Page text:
UNIVERSAL PROJECT TO HAVE SIGNIFICANT IMPACT, STUDY FINDS.
An ambitious expansion of Universal Studios would create more air pollution, traffic and signs despite all efforts to minimize those problems for residents of nearby homes, according to an environmental impact report released Thursday.
The draft environmental impact report and a revised preliminary specific plan, the documents that will guide growth at Universal Studios, were prepared by Los Angeles County planners and issued for public review.
Universal officials plan to seek waivers from restrictions on traffic, pollution and other environmental impacts.
``We believe the project strikes a good balance between neighborhood protection and Universal's business interests,'' said Helen McCann, Universal's vice president in charge of the master plan.
No representative of homeowner groups contacted Thursday had seen the revised specific plan and the environmental report, but some said they will continue to oppose the project, expected to cost more than $1 billion, unless further measures are taken to reduce or eliminate its impacts.
``We have concerns about putting `Disneyland' in the middle of a very congested area,'' said Florence Blecher, president of the Cahuenga Pass Property Owners Association, representing about 1,500 property owners.
Universal wants to add 3.25 million square feet of floor space over 15 years for entertainment, film production, offices, hotel and other uses on its 415-acre site, where facilities already provide 5.4 million square feet.
Because the property is in the city of Los Angeles and unincorporated county area, Universal will need approval from both the city and county if the development goes forward.
If environmental effects cannot be reduced to an acceptable level, the county Board of Supervisors and the City Council would be asked to find the project's benefits outweigh the adverse effects.
Spokesmen for Supervisor Zev Yaroslavsky and council President John Ferraro, who represent Universal City, did not return phone calls seeking comment.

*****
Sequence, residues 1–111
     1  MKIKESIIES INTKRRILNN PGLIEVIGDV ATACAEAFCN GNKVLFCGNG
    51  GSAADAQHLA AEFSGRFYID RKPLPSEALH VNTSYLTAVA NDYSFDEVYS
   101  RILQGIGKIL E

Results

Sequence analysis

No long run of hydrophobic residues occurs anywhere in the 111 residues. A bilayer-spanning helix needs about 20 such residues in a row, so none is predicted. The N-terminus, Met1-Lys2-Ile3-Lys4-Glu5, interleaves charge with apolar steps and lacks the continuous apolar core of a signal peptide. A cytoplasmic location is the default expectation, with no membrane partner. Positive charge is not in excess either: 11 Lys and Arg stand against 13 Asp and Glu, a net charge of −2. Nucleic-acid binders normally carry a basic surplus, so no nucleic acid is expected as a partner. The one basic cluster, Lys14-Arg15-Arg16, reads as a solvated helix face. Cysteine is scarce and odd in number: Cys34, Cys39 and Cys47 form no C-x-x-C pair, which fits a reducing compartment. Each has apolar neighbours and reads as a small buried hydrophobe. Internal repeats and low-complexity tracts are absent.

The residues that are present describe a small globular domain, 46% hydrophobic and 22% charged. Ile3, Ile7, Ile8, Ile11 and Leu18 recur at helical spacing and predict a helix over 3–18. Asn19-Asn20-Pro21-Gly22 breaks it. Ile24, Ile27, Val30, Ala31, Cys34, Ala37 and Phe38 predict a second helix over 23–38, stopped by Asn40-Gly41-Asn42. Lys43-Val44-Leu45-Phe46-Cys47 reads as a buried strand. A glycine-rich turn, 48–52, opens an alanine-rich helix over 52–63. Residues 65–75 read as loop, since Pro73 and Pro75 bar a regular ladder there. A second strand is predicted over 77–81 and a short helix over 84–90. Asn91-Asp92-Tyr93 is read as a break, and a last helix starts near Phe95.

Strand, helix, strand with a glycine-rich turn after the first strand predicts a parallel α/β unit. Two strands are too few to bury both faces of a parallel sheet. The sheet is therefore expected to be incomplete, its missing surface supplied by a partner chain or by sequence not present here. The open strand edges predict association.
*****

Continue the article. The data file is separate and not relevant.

``The question of whether they should be allowed to expand should be based on whether they can mitigate the effects of their expansion,'' said Polly Ward, vice president of the Studio City Residents Association.
A 44 percent cutback in the expansion proposal and plans to spend millions of dollars on street improvements have reduced predictable problems, especially traffic congestion, according to the environmental report.
Even so, the report says traffic would remain a major issue at the intersection of a proposed on-ramp for the northbound Hollywood Freeway and a street that will lead to an MTA subway station that is now being built.
``There's going to be some backup there,'' said Frank Meneses, supervising regional planner for the Los Angeles County Planning Department.
The problem would be worst whenever a large stream of traffic left Universal Studios, he said.
As a condition of approval, the county Regional Planning Commission will require Universal to study the feasibility of an on-ramp onto the southbound Hollywood Freeway. McCann said the Los Angeles Department of Transportation and the county Department of Public Works call the on-ramp unnecessary, but Universal will do the study.
Ward said she remains concerned that the expansion plans don't include an on-ramp directly from Universal Studios to the southbound freeway lanes. Without it, she said, southbound traffic from the complex still would have to use Cahuenga Boulevard.
``Until you get that traffic off the surface streets and onto the 101, you have not mitigated the traffic impacts,'' said Ward.
Universal believes it has solved a key problem: noise.
A ``sound zones'' proposal, to keep Universal's noisiest activities farthest from neighbors' property, will work, McCann said.
``We can engineer to a standard and demonstrate we're meeting that standard,'' said McCann. ``It doesn't mean nobody's going to hear anything, but it does mean the noise will be controlled.''
The specific plan includes a provision for an independent sound consultant to monitor sound levels on four randomly selected occasions each year.
City officials also are recommending restrictions on the times for noisy activities, such as pyrotechnics and outdoor music, on the back lot in the eastern section of the property.
Universal's McCann said the latest documents contain no surprises.
``There are no new impacts,'' she said. ``There are no surprises. Every question has been answered.''
Expansion as large as Universal is proposing is sure to create lots of traffic, homeowners representatives said.
Blecher said any development should occur in phases tied to benchmarks showing whether Universal is fulfilling obligations to the surrounding community.
The specific plan calls for an annual report to the city and county, an annual workshop and an annual public hearing, conducted by the city Planning Commission, to monitor compliance, said Larry Friedman, the city Planning Department's hearing officer for this project.
The county Regional Planning Commission and Friedman are scheduled to hold a public meeting at 9 a.m. Oct. 7 at the county Hall of Records, 320 W. Temple Street, Room 150.
There will be no public comment taken, however. Almost a dozen public hearings already have been held on the project.
The public will get another chance to comment when the environmental report and the specific plan come before the Board of Supervisors and the City Council. No date has been set for those hearings.
Map: Universal City noise plan
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|Publication:||Daily News (Los Angeles, CA)|
|Date:||Sep 11, 1998|
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